The future of the dairy industry in Australia will be based on ‘healthy relationships and healthy competition’, says Jim Fader, co-founder and CEO of precision fermentation company, Eden Brew.
Eden Brew, a B2C company making animal-free dairy products via precision fermentation, was co-founded by Australia’s largest dairy cooperative, Norco.
Speaking at last week’s inaugural CellAg Summit, hosted by Future Alternative and Cellular Agriculture Australia, Fader said that while some people assume it’s counter-intuitive for the incumbent industry to invest in technology that’s creating a competitive product, there’s plenty for everyone to gain.
“There are so many synergies between the way Eden Brew will come to market and scale, and the way the dairy industry works,” he said. “I need cheesemakers. I need refrigerated trucks. I need milk bottling plants. I need all of these things because the products we make behave exactly the same way as dairy products in so many of those production environments.”
Fader said being able to access the dairy industry’s resources and infrastructure “radically accelerates and de-risks” Eden Brew’s go-to-market strategy, while also diversifying farmers’ revenue streams.
“So as we look to scale the supply of food, and in a more resource-friendly way, there’s a big opportunity for industries to work together. I guess you could say Eden Brew is an example of how the dairy industry is innovating to be more sustainable,” Fader said.
Incumbent industry is more interested than it may seem….
Fader, who has extensive experience as a senior executive in the retail and FMCG markets, said the future of dairy will be based on collaboration between the incumbent industry and emerging technologies.
He said if traditional dairy companies aren’t already active in the precision fermentation space, they’re certainly keeping their eye on it.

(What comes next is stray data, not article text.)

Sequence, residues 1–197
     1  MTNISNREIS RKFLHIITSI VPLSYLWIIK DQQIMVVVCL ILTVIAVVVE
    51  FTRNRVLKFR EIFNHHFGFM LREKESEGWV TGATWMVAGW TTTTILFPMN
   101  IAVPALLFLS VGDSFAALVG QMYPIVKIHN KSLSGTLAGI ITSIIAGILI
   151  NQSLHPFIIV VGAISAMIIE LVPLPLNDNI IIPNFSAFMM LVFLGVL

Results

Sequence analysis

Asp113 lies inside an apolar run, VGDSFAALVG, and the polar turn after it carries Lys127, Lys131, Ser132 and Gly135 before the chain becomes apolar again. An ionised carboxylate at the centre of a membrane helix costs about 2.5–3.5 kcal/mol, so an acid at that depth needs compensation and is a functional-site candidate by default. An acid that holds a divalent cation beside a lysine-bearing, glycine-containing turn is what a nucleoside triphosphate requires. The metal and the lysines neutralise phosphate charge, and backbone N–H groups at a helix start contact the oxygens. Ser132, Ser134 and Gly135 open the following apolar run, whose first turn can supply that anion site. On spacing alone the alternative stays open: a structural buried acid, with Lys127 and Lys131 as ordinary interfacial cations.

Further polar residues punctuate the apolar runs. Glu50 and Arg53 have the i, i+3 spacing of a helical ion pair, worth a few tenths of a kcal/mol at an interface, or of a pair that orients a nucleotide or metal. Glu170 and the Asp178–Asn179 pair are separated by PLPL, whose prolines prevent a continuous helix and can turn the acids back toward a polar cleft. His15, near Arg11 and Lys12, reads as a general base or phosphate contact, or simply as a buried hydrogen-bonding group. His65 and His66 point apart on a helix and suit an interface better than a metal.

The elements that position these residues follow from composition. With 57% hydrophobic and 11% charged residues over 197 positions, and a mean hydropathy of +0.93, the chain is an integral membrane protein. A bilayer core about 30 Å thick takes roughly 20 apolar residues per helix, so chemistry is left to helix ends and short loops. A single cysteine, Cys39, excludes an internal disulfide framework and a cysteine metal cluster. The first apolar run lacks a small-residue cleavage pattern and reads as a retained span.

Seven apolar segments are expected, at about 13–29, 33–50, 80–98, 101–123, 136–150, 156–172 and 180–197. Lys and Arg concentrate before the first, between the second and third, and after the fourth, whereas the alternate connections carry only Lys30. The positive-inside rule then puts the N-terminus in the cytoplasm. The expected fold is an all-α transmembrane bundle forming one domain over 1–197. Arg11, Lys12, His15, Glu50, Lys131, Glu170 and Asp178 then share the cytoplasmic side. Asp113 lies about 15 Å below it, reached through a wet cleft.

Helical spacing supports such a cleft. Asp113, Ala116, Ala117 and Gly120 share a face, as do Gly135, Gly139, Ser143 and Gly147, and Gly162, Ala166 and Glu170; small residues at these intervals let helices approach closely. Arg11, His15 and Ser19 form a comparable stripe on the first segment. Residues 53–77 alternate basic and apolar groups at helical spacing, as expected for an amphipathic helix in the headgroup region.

“I’ve spoken to all the major dairy companies. They’ve reached out and said ‘we’ve heard about Eden Brew, would you be interested in supplying your proteins to us when you’re ready, so we can turn them into products’ … and that’s a very credible way to (go to) market.
“So we’re seeing a lot of the existing industry showing genuine intent – whether they say that publicly or not is another thing – but they’re all active in this space. And I think that’s healthy, because they’re going to drive the know-how and the capability into this sector, which really needs to scale quickly,” Fader said.
It was a sentiment echoed by Geoffrey Annison, chair of the Alt Protein CRC and former deputy chief executive of the Australian Food and Grocery Council.
Annison joined Fader and Paul Bevan, founder of Magic Valley – one of Australia’s two cultivated meat companies – as a panellist at the CellAg Summit, discussing the role that cell cultivation and precision fermentation will come to play in the broader protein landscape.
Annison said these technologies will likely sit alongside existing food systems rather than disrupt them, and agreed that many well established businesses are keeping tabs on the opportunities that may lay ahead.
“I suspect all the big multinational companies and many of the smaller but still sizeable companies on a national level, are looking at the interest in cellular agriculture and precision fermented sources of protein.
“Some will be more active in pursuing it, particularly if they can see them fitting in with their current business models … And the more adventurous ones will be looking at strategic acquisitions of some of the technologies that are already reasonably well advanced,” he said.
The CellAg Summit, Australia’s first conference for the burgeoning cellular agriculture sector, was held in Sydney on 15 June and was supported by the NSW Government, Vow, All G Foods (Gold Partners), Sartorius (Silver Partner), Merck and Eden Brew (Bronze Partners).